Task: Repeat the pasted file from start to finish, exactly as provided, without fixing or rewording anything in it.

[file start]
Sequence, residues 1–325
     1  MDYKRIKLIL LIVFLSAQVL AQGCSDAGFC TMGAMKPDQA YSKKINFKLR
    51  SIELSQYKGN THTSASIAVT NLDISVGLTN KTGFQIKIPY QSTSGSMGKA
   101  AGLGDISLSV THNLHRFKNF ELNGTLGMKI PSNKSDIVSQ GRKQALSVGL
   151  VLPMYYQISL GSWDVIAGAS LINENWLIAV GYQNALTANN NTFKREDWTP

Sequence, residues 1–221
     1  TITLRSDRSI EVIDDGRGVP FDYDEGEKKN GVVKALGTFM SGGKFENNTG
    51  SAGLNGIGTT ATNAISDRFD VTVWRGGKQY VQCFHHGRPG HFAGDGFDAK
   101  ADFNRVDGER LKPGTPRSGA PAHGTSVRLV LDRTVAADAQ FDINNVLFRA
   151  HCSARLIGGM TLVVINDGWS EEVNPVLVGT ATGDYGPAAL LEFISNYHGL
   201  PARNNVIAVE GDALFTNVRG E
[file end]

Sequence, residues 1–325
     1  MDYKRIKLIL LIVFLSAQVL AQGCSDAGFC TMGAMKPDQA YSKKINFKLR
    51  SIELSQYKGN THTSASIAVT NLDISVGLTN KTGFQIKIPY QSTSGSMGKA
   101  AGLGDISLSV THNLHRFKNF ELNGTLGMKI PSNKSDIVSQ GRKQALSVGL
   151  VLPMYYQISL GSWDVIAGAS LINENWLIAV GYQNALTANN NTFKREDWTP

Sequence, residues 1–221
     1  TITLRSDRSI EVIDDGRGVP FDYDEGEKKN GVVKALGTFM SGGKFENNTG
    51  SAGLNGIGTT ATNAISDRFD VTVWRGGKQY VQCFHHGRPG HFAGDGFDAK
   101  ADFNRVDGER LKPGTPRSGA PAHGTSVRLV LDRTVAADAQ FDINNVLFRA
   151  HCSARLIGGM TLVVINDGWS EEVNPVLVGT ATGDYGPAAL LEFISNYHGL
   201  PARNNVIAVE GDALFTNVRG E